There are many styles of grills ranging from tabletop hibachis to expensive, elaborately designed models that will take over your backyard. They're all essentially fire containers, so choosing among them is a matter of deciding what appeals most to you, to your pocketbook, and to your backyard. Consider the options. First, consider getting a cover for your grill. It will give you more control over the fire and allow you to do some low-heat barbecuing as well as high-heat grilling. Second, keep in mind that a large grilling surface can be helpful. It not only lets you prepare more food at once but also allows you to move food from hotter to cooler parts of the grill, a great help when you dinner starts looking charred before it has cooked through. Finally, consider your fuel options. Charcoal takes longer to light and is more finicky when it comes to heat control, but it imparts incredibly smoky flavors. Propane is ultra-convenient, minus the smoky flavor. You can also get a gas/charcoal grill, which gives you both flavor and convenience.

To control the temperature of a charcoal fire
To make the fire hotter, open all the grill vents, push the coals together, and tap the coals to loosen the insulating cover of ash. To make it cooler, partially close the vents or spread the coals apart.

To season a grill to keep foods from sticking
Heat the grill rack over a hot fire. Wearing mitts, remove from the fire and coat with cooking spray, or rub oil in with a kitchen towel. Place the rack back over the fire.

To clean a grill
On a charcoal grill, just let the fire burn as hot as possible. On a gas grill, close the cover, if the grill has one. If it doesn't, cover the rack with heavy-duty aluminum foil, shiny side down. Then, crank up the heat to high and cook the empty grill until any debris clinging to the rack carbonizes. Scrape off the remaining stubborn particles with a wire brush or a crumpled piece of foil.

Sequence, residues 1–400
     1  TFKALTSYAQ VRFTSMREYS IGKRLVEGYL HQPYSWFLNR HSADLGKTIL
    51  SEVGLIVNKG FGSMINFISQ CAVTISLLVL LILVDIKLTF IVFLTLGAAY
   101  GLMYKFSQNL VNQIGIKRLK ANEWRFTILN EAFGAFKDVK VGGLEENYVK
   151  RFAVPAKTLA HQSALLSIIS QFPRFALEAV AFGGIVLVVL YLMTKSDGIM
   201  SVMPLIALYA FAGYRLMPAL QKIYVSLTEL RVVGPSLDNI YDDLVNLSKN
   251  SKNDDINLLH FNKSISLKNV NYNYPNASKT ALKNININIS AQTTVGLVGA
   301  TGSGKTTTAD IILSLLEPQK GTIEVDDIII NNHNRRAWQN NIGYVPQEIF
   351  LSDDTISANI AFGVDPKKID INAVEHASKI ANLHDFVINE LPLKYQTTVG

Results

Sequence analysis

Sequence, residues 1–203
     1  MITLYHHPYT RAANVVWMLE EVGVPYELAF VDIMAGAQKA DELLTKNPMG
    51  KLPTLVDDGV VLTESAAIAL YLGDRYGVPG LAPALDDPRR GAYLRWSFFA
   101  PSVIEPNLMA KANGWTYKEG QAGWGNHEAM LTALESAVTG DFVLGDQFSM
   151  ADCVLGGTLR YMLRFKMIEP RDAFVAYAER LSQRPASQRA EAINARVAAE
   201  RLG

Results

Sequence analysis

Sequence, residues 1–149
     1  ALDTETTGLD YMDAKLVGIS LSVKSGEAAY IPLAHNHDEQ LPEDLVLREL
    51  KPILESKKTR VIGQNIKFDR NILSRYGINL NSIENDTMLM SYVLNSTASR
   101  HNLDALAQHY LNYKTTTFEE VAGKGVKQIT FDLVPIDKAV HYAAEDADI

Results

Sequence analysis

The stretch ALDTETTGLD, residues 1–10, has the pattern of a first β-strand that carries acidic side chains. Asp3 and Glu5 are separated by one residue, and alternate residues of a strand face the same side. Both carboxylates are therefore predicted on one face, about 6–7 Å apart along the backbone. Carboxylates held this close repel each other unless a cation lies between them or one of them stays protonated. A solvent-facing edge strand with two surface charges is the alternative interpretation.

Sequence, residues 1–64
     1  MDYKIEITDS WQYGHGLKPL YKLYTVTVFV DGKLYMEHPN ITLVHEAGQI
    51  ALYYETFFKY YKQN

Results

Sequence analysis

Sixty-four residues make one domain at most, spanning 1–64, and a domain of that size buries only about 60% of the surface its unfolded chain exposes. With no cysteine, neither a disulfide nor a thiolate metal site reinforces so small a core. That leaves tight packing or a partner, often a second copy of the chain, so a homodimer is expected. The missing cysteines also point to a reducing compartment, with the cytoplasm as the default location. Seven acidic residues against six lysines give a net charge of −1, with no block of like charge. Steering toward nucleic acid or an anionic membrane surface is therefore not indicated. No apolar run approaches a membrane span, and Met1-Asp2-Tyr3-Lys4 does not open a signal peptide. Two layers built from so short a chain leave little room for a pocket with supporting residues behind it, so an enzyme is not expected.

** Asian Cooking **

21:58:20 on 06/22/09 by Webmaster - Cooking Guide -

Solving Problems with Gravy

To darken gravy
Cook the skinned drippings in the pan over medium-low heat for 2 to 3 minutes before adding liquid. You can also add browning liquid (available in most grocery stores). Or, roast some carrots, onions, and celery in the pan in which the meat is roasting. Add the vegetables 1 hour before the meat is scheduled to be done. Remove and serve the vegetables. They will leave behind rich, brown, crusty bits in the pan that will boost the color and flavor of gravy made from pan drippings.

To thicken gravy
First, try cooking it down over medium heat to evaporate excess liquid. Or, if you don't want to reduce the volume, thicken the gravy with cornstarch, flour, or arrowroot. Use 1.5 tablespoons flour for each cup of liquid. If you're using cornstarch or arrowroot, dissolve 2 teaspoons cornstarch or arrowroot in 1 tablespoon cold water (and 2 tablespoons dry white wine, if desired). Stir into 1 cup of hot broth at the end of cooking time, and cook until thickened, 30 seconds to 1 minute, stirring constantly. Then, cook 1 minute more. These proportions will make about 1 cup of medium-thick gravy.

To minimize lumps when thickening gravy
Dissolve the thickener in a small amount of cold water before adding to the gravy.

To remove lumps from gravy
Beat vigorously with whisk. Or pour the gravy through a mesh sieve, pressing out the lumps. You can also dip an immersion blender into the gravy to make it smooth, or run the gravy through a food processor.

** Asian Recipes **

10:04:27 on 06/21/09 by Webmaster - Quick Cooking Tips -

Making gravy out of the roasting pan

Some cooks find it awkward to make gravy the traditional way in a roasting pan with a wide surface area. Alternatively: Start the gravy while the roast is cooking. In a heavy saucepan, melt 1 tablespoon butter. Add 1 tablespoon flour and stir over medium heat until the flour starts to brown, 5 minutes. Add 2 cups broth (chicken or beef, depending on desired flavor), and simmer 10 minutes. Season with 1/4 teaspoon salt and 1/8 teaspoon ground black pepper. When the roast is done, remove it from the roasting pan to a cutting board. Skim the fat from the surface of the drippings and add another 1/2 cup broth (or wine) to the drippings in the roasting pan. Stir all of the brown bits from the bottom of the pan into the liquid and pour it all into the sauce you have made. Heat to a simmer and stir to mix.

** Asian Recipes **

06:34:28 on 06/20/09 by Webmaster - Quick Cooking Tips -

How to skim fat from pan drippings

Pour them into a fat separator. The fat will rise to the surface and the drippings can be poured out from the bottom spout. Or, for small amounts of fat, sop them up with a piece of soft, absorbent bread or strips of paper towels. Or instead, place a few ice cubes in a slotted spoon and drag it across the surface. The ice will act as a magnet, attracting the fat. Then, throw the ice cubes away.